"I don't want to see this religion used by Al Qaeda and Osama to justify mass murder sprees. It's unacceptable," she says, agitation evident in her clenched fists. "It's like our religion was hijacked," she adds an observation she'd like to take credit for but attributes to a California-based imam, Hamza Yusuf.

On the morning of the attack, Ms. Khan was alone in her brother's apartment, having not yet preceded her furniture into this one, preparing to hit the gym with a friend from Zawia, the informal Islamic study group, whose focus is intellectual, not political, that she joined after being unable to find a mosque that fit her needs.

The friend phoned and instructed her to turn on the television; she did, just in time to see the second plane hit, and remembered her brother's law firm did occasional business at the World Trade Center. (He wasn't there, nor did she lose anyone close to her.)

Muslims Against Terrorism had its genesis in frustration: when she and several Zawia members went to give blood and donate supplies at the armory at 26th Street and Lexington Avenue, they were turned away because the facilities were overwhelmed. "We wanted to help but didn't know how; as Muslims, we were doubly grieving," she says.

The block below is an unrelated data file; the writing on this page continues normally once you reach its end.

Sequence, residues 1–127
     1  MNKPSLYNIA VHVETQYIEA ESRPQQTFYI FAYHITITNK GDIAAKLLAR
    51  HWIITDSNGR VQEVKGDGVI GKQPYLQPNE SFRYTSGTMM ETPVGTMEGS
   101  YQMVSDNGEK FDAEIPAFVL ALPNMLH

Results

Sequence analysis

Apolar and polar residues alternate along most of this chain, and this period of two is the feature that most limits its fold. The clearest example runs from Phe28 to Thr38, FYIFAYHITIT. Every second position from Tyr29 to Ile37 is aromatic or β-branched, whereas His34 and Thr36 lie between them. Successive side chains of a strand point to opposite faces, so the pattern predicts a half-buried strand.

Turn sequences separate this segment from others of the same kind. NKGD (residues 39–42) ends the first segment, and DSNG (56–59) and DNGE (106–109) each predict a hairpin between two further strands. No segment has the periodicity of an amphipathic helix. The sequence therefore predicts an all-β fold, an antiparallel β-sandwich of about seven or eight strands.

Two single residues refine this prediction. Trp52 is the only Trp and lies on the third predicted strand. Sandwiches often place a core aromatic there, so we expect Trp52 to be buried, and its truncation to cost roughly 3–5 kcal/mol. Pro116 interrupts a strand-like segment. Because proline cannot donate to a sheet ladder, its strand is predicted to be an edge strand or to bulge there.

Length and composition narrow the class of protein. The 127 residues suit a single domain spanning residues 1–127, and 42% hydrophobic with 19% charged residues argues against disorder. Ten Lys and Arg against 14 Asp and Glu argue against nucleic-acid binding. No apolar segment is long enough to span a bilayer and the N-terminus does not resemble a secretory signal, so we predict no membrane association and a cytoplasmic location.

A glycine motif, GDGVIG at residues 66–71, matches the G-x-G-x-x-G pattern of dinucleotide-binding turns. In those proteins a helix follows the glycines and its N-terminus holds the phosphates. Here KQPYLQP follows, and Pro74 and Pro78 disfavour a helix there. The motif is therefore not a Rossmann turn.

The Sunday after the tragedy, she and 10 colleagues formed a Web site and synchronized their mission: education. They developed a curriculum, sent speakers to schools in Brooklyn, Queens and the Bronx, and made a presentation at a Columbia University workshop attended by 400 directors of after-school programs.

"The best way to stop the cycle of hate is through education," maintains Ms. Khan, who is also working with the television and news media "to take away bin Laden's platform and take back our religion. If people start hating Islam, it's kind of like what Gandhi said, `An eye for an eye and the whole world goes blind.' "